The government has ruled out the option of a card which would be

compulsory to carry, or any changes to police powers.

Other potential uses of an entitlement card detailed in the

consultation document are: a convenient travel card to use in Europe;

a proof of age card; a card to promote new ways of voting; and

fostering citizenship.

NOTES:

The government wants the debate on the issues raised by this

consultation document to be as wide as possible and would like to see

as many responses as possible.There are many questions and issues

that the government would like comment on including:

'What services people would find most useful to link to a card and

which service providers in the public and private sectors would wish

to use a card scheme'.

The consultation period finishes on 31 January 2003. Comments should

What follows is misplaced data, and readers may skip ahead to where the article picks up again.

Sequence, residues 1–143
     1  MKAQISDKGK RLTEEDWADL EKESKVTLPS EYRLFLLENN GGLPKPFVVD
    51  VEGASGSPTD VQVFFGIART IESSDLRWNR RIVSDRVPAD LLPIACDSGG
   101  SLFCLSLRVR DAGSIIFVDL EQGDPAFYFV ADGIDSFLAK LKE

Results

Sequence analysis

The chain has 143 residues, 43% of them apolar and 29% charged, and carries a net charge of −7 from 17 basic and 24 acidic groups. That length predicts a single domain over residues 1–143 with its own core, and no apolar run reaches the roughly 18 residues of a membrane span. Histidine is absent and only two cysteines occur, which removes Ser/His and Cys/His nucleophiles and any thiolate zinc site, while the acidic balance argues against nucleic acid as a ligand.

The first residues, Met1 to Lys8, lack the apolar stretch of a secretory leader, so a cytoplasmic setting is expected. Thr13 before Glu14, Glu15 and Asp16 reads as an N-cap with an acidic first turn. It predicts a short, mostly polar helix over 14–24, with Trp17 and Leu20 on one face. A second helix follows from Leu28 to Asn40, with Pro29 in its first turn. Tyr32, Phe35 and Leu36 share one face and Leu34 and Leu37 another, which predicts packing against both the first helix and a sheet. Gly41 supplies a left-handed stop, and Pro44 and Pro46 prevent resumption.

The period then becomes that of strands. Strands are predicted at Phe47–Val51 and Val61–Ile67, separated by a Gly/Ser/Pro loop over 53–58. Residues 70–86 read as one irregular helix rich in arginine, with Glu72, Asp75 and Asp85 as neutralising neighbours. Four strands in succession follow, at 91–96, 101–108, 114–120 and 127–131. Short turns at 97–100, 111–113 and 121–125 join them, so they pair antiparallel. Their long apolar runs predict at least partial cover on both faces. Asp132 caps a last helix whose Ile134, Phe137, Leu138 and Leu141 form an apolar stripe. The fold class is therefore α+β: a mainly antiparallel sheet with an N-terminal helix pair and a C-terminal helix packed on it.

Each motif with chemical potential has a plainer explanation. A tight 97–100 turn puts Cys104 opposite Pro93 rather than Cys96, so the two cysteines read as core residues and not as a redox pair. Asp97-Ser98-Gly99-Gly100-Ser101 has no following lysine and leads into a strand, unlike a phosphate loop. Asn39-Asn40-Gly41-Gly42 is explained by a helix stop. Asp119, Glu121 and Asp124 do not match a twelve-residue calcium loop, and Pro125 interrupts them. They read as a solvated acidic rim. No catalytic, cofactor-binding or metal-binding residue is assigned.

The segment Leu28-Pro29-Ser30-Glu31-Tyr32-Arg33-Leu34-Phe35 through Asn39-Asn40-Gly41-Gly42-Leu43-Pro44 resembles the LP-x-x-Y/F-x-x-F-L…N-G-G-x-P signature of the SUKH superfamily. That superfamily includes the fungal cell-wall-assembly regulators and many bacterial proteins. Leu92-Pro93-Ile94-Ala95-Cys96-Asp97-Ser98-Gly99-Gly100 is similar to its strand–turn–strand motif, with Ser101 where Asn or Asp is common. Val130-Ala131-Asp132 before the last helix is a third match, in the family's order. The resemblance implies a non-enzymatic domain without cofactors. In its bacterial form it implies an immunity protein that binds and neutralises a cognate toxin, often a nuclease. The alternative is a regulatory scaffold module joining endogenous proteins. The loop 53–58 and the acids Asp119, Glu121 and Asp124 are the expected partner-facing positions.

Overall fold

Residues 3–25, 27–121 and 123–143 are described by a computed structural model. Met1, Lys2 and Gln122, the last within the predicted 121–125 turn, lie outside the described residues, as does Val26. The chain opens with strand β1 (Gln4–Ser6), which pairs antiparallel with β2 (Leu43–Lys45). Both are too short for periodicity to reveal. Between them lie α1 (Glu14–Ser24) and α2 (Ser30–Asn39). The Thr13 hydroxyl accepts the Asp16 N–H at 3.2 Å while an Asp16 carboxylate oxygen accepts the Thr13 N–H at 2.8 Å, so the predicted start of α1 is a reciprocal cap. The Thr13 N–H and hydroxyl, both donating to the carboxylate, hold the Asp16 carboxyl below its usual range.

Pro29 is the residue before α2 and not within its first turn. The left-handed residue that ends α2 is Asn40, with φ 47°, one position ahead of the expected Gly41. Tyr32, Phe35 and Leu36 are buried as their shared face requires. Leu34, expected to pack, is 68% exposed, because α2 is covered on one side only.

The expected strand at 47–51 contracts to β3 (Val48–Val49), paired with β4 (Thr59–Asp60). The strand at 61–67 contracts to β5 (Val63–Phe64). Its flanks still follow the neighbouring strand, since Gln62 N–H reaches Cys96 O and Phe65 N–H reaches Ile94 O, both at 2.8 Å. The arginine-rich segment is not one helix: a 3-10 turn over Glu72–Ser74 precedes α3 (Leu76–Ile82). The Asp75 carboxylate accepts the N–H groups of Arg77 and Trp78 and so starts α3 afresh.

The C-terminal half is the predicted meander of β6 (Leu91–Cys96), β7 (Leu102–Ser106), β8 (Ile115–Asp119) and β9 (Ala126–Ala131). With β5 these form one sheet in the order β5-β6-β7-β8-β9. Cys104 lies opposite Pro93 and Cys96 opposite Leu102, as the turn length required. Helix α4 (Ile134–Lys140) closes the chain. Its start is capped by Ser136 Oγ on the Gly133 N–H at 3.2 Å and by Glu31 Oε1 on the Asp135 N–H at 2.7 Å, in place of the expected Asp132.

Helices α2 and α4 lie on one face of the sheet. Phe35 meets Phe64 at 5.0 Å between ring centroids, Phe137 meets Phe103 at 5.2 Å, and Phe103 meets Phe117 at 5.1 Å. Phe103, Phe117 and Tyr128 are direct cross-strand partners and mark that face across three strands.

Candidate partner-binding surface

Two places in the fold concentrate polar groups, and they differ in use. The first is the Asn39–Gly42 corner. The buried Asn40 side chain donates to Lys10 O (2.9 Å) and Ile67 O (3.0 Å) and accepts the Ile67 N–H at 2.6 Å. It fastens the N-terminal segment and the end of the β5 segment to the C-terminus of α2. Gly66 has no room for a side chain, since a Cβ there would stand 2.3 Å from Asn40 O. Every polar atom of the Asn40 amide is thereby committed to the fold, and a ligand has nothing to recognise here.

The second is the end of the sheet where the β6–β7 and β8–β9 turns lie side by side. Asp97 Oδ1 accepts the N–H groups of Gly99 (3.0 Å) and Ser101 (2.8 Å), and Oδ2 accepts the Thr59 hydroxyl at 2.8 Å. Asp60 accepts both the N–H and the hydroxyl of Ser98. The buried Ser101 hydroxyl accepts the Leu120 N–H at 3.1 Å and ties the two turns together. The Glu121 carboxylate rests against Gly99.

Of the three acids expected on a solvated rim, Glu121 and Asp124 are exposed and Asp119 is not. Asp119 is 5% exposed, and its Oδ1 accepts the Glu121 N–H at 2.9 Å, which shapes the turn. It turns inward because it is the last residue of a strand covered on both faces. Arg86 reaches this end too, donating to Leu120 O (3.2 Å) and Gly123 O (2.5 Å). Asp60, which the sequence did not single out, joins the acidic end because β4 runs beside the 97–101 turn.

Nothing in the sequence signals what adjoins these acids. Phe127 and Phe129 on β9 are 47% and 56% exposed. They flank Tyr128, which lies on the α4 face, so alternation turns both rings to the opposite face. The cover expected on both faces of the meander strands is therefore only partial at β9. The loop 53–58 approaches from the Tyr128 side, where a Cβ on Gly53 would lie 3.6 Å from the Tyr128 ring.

be sent to:

Entitlement Cards Unit,

Home Office,

50, Queen Anne's Gate,

London,

SW1 9AT.

Or they can be sent via email to:

entitlementcardsunit@homeoffice.gsi.gov.uk

Full copies of Entitlement Cards and Identity Fraud are available at

www.homeoffice.gov.uk/dob/ecu.htm

Photographing a person's iris and storing the picture on a card in a

microchip is one of the 'biometric' options proposed in the

government's consultation paper Entitlement Cards and Identity Fraud.

The latest iris photographing technology has been available to the

public to experience in a Passport Office and a Post Office in

London. 450 people opted to try the technology and filled in

questionnaires about the experience.

The iris photographing 'demonstrator' is currently in the Passport

Office in Milton Street, Glasgow for two weeks.

  • Comment

Have your say

You must sign in to make a comment

Please remember that the submission of any material is governed by our Terms and Conditions and by submitting material you confirm your agreement to these Terms and Conditions.

Links may be included in your comments but HTML is not permitted.